At a time when the total employment in construction jumped two thirds, the overall share of female employment in the industry actually fell.

And more change is required for women to be fairly represented in our nation’s decision making at national, state and local levels. While there has been a great deal of focus on women in our nation’s parliaments, less has been said about our local council chambers.

As a government we are focussed on local government and trying to make a difference level with $490,000 for a range of projects to help improve the participation of women in local councils and shires. This effort is need because less than 30 per cent of councillors and only 7 per cent of council chief executive officers are women.

And there is more to do to deal with the gender pay gap that continues to widen. Based on data from the latest ABS Average Weekly Earnings publication, the average hourly gender pay gap was 13.1 per cent in May 2009.

The gender gap is even wider in some sectors: surprisingly, women in the finance and insurance sectors earn 24.7 per cent less than men3. For women outside of white collar work, the story is just as bad. Across the board female technicians and tradeswomen earn 20.2 per cent less than men3.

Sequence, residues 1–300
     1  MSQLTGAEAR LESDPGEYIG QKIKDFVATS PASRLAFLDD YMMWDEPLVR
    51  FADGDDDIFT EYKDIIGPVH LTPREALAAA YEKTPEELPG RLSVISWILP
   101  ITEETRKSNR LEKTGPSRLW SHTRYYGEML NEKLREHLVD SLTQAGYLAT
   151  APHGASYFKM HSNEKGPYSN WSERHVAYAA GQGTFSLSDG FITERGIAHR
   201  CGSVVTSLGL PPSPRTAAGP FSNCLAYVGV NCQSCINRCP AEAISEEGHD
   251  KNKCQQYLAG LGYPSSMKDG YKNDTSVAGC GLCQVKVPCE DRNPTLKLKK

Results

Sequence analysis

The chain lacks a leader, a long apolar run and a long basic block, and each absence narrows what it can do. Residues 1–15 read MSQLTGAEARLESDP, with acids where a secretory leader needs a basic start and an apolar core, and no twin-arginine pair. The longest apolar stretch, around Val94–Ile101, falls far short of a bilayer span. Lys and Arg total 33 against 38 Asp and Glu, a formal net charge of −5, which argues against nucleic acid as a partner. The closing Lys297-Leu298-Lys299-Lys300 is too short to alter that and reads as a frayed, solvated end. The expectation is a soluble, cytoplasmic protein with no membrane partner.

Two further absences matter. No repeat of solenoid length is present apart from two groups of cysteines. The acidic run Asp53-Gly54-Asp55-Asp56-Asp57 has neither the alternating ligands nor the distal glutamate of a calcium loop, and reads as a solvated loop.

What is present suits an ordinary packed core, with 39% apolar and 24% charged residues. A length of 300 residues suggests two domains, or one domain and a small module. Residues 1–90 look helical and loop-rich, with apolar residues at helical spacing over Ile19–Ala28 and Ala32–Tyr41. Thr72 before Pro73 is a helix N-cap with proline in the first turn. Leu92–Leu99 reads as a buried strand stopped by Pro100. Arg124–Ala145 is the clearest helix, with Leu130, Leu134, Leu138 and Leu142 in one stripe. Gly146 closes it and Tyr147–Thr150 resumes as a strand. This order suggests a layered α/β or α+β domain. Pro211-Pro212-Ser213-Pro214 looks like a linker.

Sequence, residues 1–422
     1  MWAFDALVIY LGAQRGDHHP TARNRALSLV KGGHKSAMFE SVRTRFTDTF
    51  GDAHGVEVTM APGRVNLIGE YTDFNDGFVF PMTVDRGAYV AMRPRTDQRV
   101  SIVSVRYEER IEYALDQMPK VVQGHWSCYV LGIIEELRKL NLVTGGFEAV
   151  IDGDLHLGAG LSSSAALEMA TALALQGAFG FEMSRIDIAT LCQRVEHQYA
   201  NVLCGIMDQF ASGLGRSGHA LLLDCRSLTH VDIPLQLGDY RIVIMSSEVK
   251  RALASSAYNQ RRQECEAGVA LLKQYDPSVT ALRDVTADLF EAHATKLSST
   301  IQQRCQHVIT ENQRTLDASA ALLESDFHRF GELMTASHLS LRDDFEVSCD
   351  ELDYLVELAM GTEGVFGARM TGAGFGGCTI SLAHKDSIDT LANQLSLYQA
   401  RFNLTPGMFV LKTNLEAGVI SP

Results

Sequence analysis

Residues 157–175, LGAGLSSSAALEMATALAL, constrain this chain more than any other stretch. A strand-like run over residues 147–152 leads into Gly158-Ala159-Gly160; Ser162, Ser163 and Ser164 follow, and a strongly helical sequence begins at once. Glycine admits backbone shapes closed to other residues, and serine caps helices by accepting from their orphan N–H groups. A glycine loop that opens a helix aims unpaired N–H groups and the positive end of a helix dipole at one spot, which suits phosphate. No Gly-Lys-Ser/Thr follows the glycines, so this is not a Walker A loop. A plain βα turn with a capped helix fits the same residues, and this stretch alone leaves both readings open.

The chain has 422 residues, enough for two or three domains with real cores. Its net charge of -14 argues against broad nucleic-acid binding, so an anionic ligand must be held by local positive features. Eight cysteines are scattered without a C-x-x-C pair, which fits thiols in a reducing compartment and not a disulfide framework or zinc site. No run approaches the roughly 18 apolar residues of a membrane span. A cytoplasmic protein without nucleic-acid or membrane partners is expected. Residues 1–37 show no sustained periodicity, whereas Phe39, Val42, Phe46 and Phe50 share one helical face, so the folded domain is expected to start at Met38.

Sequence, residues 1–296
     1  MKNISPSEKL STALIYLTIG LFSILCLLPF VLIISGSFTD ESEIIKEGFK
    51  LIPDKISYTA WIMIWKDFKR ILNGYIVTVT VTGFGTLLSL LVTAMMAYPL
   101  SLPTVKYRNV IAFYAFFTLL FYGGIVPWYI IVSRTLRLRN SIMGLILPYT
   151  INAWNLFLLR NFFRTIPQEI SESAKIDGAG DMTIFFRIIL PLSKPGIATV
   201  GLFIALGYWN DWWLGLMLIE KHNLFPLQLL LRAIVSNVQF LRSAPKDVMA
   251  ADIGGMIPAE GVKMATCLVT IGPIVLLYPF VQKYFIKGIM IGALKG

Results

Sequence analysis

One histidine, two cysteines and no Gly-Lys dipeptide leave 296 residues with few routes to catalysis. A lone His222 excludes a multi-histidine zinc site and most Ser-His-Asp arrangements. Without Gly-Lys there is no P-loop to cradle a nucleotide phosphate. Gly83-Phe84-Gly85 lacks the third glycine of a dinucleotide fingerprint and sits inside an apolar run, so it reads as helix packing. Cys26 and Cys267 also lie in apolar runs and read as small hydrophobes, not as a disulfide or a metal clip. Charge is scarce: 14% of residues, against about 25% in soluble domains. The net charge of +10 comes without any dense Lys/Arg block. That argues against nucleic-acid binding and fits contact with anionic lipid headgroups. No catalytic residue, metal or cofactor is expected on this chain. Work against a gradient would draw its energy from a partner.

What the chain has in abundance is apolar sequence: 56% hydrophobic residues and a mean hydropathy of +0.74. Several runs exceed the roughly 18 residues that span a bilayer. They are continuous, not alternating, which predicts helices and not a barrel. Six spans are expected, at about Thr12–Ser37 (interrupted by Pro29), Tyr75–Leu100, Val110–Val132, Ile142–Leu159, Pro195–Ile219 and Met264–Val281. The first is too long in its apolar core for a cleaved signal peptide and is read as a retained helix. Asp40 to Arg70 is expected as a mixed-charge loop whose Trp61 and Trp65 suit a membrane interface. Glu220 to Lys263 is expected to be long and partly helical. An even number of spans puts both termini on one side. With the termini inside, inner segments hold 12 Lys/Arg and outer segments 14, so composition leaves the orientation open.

Time and again, we see the link between male domination in the well-paid sectors of the workforce and low pay rates in female dominated sectors.

True Equal Pay

But I share these statistics, not with a sense of doom and gloom but enthused about the possibilities for change.

For example, as a reforming Labor government, we are determined to see some real change made in closing the gender pay gap and our Fair Work Act has a significant role to play in addressing the serious undervaluation of women’s work.

Equal remuneration provisions were first introduced into federal workplace relations legislation in 1994, giving effect to various international conventions.

But the track record of the effectiveness of these provisions is an uninspiring. To date, 16 applications have been made in the federal system. But none have succeeded.